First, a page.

Sri Lankan President Chandrika Bandaranaike Kumaratunga was slightly injured today when an assassin detonated explosives strapped to his body at an election rally here.

The blast occurred as the president's guards dragged away the suicide bomber. Fourteen people--including a top police officer in charge of the president's security--were killed, and 110 others were injured.

Minutes later, another bomb exploded at an election rally of the opposition United National Party, killing at least seven people and injuring 40 others, police said.

No one immediately claimed responsibility for the blasts, but suspicion fell on the separatist Tamil Tiger rebels, who are fighting for a homeland and oppose Kumaratunga. Fifteen people were later arrested, police said.

The bomb that injured Kumaratunga exploded as she was about to get into her car outside Colombo's town hall after addressing a rally of her People's Alliance party before Tuesday's presidential election. The assassin, who had dressed himself like a woman in a sari, tried to embrace Kumaratunga. Guards dragged him several feet before he detonated the explosive, an officer said.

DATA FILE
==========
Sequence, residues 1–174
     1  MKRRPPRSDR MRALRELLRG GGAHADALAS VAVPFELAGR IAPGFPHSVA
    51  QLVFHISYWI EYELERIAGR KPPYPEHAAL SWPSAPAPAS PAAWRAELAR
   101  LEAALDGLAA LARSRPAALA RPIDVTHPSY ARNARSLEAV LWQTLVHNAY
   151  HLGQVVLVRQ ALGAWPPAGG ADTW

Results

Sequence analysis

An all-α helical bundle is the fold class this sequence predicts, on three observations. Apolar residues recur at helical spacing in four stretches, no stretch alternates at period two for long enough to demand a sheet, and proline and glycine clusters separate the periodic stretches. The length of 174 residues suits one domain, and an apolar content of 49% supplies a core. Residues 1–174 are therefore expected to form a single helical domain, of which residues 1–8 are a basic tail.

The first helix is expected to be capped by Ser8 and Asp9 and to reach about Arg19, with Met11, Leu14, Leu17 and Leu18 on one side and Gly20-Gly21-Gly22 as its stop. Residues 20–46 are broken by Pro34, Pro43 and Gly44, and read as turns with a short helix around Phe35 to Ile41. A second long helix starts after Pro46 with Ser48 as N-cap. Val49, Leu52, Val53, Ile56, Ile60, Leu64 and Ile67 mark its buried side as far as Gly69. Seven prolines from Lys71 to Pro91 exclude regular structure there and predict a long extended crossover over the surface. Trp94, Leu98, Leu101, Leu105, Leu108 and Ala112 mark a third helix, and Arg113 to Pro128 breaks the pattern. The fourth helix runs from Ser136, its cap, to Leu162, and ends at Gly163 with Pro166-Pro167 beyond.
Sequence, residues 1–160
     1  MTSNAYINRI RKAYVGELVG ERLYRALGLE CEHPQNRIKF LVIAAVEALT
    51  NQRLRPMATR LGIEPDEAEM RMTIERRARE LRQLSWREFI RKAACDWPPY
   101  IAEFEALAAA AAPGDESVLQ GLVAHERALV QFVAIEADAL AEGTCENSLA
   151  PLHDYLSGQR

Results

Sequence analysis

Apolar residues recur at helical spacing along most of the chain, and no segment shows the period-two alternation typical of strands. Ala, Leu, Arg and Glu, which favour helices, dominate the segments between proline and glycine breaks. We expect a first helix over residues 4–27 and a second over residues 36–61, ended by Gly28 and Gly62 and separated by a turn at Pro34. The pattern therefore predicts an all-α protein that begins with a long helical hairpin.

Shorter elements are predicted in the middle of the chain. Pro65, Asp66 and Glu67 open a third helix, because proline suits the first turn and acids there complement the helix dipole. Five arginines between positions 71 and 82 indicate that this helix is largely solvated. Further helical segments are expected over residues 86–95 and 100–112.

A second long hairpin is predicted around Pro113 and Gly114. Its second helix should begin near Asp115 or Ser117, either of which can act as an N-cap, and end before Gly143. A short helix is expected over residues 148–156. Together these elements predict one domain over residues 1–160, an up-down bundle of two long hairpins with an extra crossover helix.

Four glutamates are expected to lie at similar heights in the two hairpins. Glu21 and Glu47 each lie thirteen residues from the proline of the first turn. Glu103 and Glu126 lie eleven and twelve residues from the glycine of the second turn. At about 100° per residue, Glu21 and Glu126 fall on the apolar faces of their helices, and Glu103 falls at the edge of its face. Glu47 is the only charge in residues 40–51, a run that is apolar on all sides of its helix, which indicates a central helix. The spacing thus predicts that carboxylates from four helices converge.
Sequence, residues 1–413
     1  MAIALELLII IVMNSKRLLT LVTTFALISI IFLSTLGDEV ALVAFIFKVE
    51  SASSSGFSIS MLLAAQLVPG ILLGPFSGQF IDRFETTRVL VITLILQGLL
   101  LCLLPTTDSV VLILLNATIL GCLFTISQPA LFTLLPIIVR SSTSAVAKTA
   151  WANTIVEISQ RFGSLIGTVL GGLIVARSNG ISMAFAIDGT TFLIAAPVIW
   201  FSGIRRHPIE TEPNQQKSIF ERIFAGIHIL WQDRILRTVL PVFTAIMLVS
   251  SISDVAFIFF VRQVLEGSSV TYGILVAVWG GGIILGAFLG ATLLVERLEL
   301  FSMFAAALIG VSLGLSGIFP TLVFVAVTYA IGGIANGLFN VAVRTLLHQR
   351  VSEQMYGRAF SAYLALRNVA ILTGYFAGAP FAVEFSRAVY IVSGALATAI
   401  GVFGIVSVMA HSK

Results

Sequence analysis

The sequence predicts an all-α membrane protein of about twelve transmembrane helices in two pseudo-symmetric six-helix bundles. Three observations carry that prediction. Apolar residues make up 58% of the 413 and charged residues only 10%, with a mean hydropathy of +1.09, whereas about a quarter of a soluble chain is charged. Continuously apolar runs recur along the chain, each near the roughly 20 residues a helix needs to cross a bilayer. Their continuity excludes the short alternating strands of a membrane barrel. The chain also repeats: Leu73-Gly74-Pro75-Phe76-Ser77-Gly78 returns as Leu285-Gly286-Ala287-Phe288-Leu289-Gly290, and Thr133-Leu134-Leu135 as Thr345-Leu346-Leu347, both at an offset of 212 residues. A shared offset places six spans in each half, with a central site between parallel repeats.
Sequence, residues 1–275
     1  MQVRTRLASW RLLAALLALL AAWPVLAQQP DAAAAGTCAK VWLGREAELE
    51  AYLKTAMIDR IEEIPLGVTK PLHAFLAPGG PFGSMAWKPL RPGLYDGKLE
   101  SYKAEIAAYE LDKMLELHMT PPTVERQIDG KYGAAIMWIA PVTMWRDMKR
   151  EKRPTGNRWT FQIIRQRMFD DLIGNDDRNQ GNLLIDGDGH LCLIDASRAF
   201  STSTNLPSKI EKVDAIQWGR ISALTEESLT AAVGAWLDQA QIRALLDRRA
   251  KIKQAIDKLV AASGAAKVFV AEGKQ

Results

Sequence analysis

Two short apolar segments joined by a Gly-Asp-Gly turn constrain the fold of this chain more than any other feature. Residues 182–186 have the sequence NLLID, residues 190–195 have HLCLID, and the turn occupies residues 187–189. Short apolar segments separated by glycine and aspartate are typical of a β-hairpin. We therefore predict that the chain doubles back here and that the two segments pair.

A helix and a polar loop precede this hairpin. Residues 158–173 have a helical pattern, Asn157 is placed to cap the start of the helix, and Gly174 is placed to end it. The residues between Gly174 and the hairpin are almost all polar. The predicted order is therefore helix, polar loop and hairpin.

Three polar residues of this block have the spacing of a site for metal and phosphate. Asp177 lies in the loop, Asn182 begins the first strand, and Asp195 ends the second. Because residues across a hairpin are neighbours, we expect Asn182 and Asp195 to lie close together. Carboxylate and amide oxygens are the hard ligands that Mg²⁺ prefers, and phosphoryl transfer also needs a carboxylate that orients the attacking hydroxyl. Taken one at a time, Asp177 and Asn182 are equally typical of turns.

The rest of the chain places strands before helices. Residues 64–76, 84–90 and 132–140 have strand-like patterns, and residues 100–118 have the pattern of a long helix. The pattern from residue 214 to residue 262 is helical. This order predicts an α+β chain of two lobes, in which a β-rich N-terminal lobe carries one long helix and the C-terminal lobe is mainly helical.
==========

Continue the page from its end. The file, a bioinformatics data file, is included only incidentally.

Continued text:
"She is hurt, but she is out of danger," government minister Batty Weerakoon said. "Her face was hit by the blast, but she is okay." The president was admitted to a private hospital and doctors operated to remove shrapnel from her face, an official said. She also reportedly sustained an eye injury.

The blast at the rally of the main opposition party at Jaela, nine miles north of Colombo, also was set off by a suicide bomber, police said. The president's main rival, Ranil Wickremesinghe, was not present at that rally.

Kumaratunga came to power in 1994 on a promise to end the war. A year later, she held talks with the rebels, but they broke off talks and called off their cease-fire. Since then, security forces have been fighting the rebels. The conflict has left more than 55,000 people dead since 1983.

In recent weeks, the Tigers have made considerable gains, overrunning more than 100 villages in areas held by the army and moving close to a military base in the northern Elephant Pass area.

Sri Lanka has a history of election violence. In 1994, a presidential candidate and 51 others were killed at a rally and an explosion in 1993 killed President Ranasinghe Premadasa. Both attacks were blamed on the Tamil rebels.